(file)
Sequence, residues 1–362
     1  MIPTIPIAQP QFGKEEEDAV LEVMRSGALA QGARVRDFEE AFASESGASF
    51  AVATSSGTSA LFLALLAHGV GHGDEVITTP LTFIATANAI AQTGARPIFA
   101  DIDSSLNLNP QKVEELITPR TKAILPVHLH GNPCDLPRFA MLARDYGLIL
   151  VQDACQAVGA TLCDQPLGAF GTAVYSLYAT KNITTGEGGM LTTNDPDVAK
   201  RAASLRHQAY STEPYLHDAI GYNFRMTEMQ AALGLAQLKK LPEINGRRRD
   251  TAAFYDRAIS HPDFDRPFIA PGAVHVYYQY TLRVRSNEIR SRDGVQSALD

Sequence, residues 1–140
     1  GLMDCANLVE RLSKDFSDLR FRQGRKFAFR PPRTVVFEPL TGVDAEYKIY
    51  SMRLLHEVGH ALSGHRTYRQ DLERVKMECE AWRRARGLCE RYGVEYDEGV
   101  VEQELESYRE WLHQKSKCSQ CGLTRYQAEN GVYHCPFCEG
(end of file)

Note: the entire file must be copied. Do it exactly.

Sequence, residues 1–362
     1  MIPTIPIAQP QFGKEEEDAV LEVMRSGALA QGARVRDFEE AFASESGASF
    51  AVATSSGTSA LFLALLAHGV GHGDEVITTP LTFIATANAI AQTGARPIFA
   101  DIDSSLNLNP QKVEELITPR TKAILPVHLH GNPCDLPRFA MLARDYGLIL
   151  VQDACQAVGA TLCDQPLGAF GTAVYSLYAT KNITTGEGGM LTTNDPDVAK
   201  RAASLRHQAY STEPYLHDAI GYNFRMTEMQ AALGLAQLKK LPEINGRRRD
   251  TAAFYDRAIS HPDFDRPFIA PGAVHVYYQY TLRVRSNEIR SRDGVQSALD

Sequence, residues 1–140
     1  GLMDCANLVE RLSKDFSDLR FRQGRKFAFR PPRTVVFEPL TGVDAEYKIY
    51  SMRLLHEVGH ALSGHRTYRQ DLERVKMECE AWRRARGLCE RYGVEYDEGV
   101  VEQELESYRE WLHQKSKCSQ CGLTRYQAEN GVYHCPFCEG